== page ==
In order to continue to stay up to date on the use of antibiotics in food animals, the Beef Checkoff helped sponsor the 9th Annual Antibiotic Symposium. The event was held in Ames, Iowa on October 15-17th. The symposium discussed scientific updates on antimicrobial resistance, how research technology and innovation continue to impact that growing knowledge and how to better communicate to consumers the importance of antibiotic use for livestock health.

Frequently Asked Questions

Antibiotic resistance is directly related to how frequently we use them. However, as an industry, we cannot stop using antibiotics – they are extremely important. This is called the antibiotic resistance paradox. This topic is important to consumers, which encourages the beef community to be up-front and transparent about the science behind using antibiotics in beef production, as well as good husbandry efforts on farms and ranches. Your Beef Checkoff recently sponsored the National Institute for Animal Agriculture’s (NIAA) 8th Annual Antibiotic Symposium where all sectors of the animal food production industry and partners in public human health continued the dialogue around the new and developing science of antibiotic use.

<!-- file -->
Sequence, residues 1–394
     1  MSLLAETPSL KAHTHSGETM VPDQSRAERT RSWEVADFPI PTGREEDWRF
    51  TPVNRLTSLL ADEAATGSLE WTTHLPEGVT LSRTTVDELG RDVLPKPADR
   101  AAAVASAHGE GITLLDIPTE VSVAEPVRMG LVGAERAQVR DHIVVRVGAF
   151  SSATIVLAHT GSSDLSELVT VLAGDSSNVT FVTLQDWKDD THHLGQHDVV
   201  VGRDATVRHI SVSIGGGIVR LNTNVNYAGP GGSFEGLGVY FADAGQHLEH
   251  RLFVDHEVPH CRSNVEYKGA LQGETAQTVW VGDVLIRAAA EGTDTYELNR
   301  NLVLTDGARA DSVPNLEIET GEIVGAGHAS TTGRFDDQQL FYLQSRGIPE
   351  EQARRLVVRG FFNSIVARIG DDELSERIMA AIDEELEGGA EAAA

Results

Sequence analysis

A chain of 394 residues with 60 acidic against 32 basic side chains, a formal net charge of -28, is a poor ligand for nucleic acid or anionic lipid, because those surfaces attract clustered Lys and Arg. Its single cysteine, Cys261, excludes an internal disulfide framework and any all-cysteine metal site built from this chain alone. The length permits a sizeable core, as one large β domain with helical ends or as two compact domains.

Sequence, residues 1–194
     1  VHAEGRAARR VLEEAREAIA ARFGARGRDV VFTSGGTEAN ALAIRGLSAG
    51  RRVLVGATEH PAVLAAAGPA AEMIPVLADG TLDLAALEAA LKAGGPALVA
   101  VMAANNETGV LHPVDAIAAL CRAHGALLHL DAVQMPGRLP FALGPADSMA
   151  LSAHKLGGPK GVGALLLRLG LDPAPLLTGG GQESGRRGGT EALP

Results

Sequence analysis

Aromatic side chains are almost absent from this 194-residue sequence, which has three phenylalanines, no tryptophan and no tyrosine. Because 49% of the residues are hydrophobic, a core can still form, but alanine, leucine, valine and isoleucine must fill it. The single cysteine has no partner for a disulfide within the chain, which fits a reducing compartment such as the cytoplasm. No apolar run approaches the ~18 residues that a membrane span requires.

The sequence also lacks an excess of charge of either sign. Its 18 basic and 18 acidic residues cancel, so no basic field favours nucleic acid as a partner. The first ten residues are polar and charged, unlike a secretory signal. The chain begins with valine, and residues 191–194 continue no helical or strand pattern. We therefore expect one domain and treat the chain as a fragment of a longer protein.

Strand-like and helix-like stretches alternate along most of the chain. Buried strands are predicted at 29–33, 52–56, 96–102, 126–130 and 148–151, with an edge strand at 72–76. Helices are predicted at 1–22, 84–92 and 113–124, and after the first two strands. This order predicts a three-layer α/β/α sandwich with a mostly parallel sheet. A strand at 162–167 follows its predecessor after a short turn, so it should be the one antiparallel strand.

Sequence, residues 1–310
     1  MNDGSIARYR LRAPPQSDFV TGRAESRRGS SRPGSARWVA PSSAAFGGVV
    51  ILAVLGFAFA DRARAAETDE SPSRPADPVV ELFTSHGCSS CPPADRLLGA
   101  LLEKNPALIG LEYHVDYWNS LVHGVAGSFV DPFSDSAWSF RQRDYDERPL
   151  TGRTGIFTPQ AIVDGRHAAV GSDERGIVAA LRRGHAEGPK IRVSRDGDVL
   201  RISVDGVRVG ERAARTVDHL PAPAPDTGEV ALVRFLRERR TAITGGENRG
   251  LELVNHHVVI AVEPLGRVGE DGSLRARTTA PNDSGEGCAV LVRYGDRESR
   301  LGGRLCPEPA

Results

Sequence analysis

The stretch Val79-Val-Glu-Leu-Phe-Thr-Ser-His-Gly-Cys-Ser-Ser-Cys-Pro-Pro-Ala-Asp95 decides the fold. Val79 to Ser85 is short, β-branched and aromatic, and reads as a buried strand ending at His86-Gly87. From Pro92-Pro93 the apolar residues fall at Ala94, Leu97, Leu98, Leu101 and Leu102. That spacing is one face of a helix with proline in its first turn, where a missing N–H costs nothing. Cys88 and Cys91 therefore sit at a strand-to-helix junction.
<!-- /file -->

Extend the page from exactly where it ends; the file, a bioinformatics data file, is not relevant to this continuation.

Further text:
“Animal agriculture is clearly making progress in addressing antibiotic usage in the industry and providing key leadership around resistance from a One Health perspective,” said Dr. Nevil Speer, NIAA board chair and this year’s symposium forum moderator. “With respect to leadership, the need for open communication continues to exist to ensure that all stakeholders of the resistance issue are talking with one another. The symposium is one of the most important components of ensuring that occurs – especially given the cooperation with CDC [Center for Disease Control]. There continues to be a significant need for communication focused towards the general public around antimicrobial resistance. This may be more important than ever!”